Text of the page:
In this situation, for whom is a camp intended? Will the
government start sending all new arrivals there? And what about Syrians who are
already living in Jordanian cities? Does the government think to move them? Or
to provide services in the camps and hope that impoverished Syrians will come
on their own?
The mostly likely guess (and it is, at best, a guess) is
that the camps are not meant for Syrians at all, but for non-Syrians who might
end up fleeing the fighting across borders. Such groups might include
Palestinian and Iraqi refugees currently living in Syria, as well as Egyptian
and East Asian migrant laborers. (There are plenty of precedents for this;
after 2003, Jordan and Syria refused entry to Palestinian and Iranian refugees
who were trying to flee Iraq, instead housing them in border camps.)
In the nightmare scenario of massive, sudden displacement,
camps are useful; but in another predominantly urban refugee situation, they
may turn out to be large white elephants that divert attention away from where
the real issue is: the cities.
The second major lesson of the Iraqi displacement is that,
particularly in a situation of urban displacement, there needs to be a serious
attempt to find out who and how many are among the displaced, at least to an
order of magnitude, and what are their needs.
In 2007, the Jordanian government wildly overestimated how
many Iraqis needed aid, inflating
the numbers aid organizations were seeing -- possibly by a factor of
between five and 10. Presumably this was a tactic for getting financial
assistance from the international community, as use of the inflated numbers
went hand-in-hand with requests for financial assistance. And substantial
amounts of aid did arrive -- perhaps because of the presumed scale of the
crisis. But the aid was also delivered quite inefficiently, much of it spent on
large infrastructure projects that did little to help displaced Iraqis, or put
into programs that didn't reflect the refugees' needs.
Today, the government appears to be doing something similar
in terms of its claims about the numbers of Syrians. Jordan's state-owned media
continues to headline claims from anonymous official sources that more than 78,000
Syrians have "fled to Jordan" since the beginning of
Assad's military crackdown last March.
The state papers are usually careful to caveat those
headlines: that 78,000 is the total number of Syrians in Jordan, that they may
not all be refugees, and that the number seeking aid is much smaller. But international media
outlets often do not pick up on these subtleties
Indiscriminate claims of over 80,000 refugees are certainly
misleading. UNHCR, which is allowing vulnerable Syrians to sign up to receive
aid, has registered about 4,100 people as of this week. (That's up from just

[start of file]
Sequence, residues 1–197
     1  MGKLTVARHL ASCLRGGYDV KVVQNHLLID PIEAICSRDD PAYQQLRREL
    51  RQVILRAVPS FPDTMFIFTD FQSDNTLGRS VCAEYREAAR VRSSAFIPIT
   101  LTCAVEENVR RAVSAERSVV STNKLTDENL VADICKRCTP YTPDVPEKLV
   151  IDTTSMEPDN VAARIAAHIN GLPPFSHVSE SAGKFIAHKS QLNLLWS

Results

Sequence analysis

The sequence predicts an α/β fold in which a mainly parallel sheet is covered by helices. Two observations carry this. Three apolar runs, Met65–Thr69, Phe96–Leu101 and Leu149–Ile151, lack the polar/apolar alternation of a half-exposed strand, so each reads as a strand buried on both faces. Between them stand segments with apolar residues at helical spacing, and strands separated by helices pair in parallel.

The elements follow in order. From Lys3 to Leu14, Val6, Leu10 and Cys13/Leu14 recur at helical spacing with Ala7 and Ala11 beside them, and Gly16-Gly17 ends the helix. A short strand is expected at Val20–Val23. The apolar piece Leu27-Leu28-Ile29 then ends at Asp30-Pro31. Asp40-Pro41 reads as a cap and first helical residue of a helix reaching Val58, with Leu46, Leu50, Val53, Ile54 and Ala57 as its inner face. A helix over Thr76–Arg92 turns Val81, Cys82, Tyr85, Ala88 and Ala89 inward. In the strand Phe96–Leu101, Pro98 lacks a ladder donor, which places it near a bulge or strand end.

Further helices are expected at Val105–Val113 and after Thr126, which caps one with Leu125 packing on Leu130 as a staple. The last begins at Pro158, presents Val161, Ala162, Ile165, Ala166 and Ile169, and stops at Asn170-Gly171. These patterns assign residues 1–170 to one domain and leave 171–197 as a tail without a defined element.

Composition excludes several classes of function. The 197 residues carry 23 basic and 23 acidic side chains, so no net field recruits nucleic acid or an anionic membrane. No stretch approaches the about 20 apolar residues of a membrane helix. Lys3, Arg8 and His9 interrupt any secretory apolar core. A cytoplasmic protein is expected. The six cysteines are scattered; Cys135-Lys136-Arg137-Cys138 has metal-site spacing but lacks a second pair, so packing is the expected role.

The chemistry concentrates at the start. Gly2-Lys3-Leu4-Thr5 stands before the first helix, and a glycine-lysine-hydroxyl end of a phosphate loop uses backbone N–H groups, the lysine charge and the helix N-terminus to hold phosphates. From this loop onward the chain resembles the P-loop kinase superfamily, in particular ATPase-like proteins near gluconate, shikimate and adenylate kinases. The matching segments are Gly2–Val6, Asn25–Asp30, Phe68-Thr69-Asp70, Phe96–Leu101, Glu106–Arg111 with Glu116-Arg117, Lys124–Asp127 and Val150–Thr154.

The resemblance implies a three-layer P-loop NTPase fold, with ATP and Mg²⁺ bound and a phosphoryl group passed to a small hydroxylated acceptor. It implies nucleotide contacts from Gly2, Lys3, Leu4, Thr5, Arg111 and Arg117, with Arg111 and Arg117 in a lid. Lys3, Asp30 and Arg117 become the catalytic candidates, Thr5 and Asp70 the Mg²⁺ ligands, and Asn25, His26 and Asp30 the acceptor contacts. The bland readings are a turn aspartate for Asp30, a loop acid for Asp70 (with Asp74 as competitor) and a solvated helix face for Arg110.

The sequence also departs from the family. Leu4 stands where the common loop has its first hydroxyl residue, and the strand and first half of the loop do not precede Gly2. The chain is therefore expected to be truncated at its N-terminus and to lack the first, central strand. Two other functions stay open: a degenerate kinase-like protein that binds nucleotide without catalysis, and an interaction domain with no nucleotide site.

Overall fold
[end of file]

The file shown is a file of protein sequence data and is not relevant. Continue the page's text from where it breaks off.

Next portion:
over 3,000 at the beginning of the month, and the agency continues to see
demand from Syrians already in the country who wish to register.) JHAS, which
has done interviews with displaced Syrians around Jordan, recently proffered a
rough estimate of perhaps 9,000 Syrians in need of aid.
There are many possible explanations for the disparity.
Jordan and Syria (much like Jordan and Iraq, once upon a time) share a
much-trafficked border. Syrians are always entering and leaving, and at any
given time there will be some number of Syrians in the country. Then there are
dual nationals, who may reside in Jordan as Jordanians, but use their Syrian
passports to cross the border. The government has not responded to numerous
requests to explain its figures, but it seems inevitable the state's estimates
include large numbers of Syrians or Syrian-Jordanians who are in Jordan for
reasons other than "fleeing the fighting," and who should not be
Any attempt to help the Syrians in need would be greatly
improved by being based on a more accurate estimate of the number who need
assistance, and a better idea of the kind of support they feel they need.
And there do appear to be real, serious needs among
displaced Syrians. JHAS's interviews show many refugee families face a catalog
of familiar problems: poor housing, limited access to water, and no income.
Some have chronic health problems with few treatment options other than from
already-crowded charity clinics. Most disturbing, the vast majority of refugees
interviewed were from families with few resources and limited education -- out
of just over 400 adults interviewed, 31 were illiterate, and only a handful had
more than a primary education.
The refugees are not allowed to work in Jordan. As was the
case for Iraqis before them, some families that are not currently vulnerable
may become so if the crisis goes on for years, and they find themselves
exhausting their savings. Some may find work in the informal sector -- though
competition for those jobs will likely only get tougher. Others will remain
dependent on aid for their survival. And Jordan is in the middle of a profound
economic slump; the urban communities Syrians have settled in are almost
universally under-resourced. As the numbers of displaced grow, local schools
will face crowding issues, hospitals will be under-staffed, and the Jordanian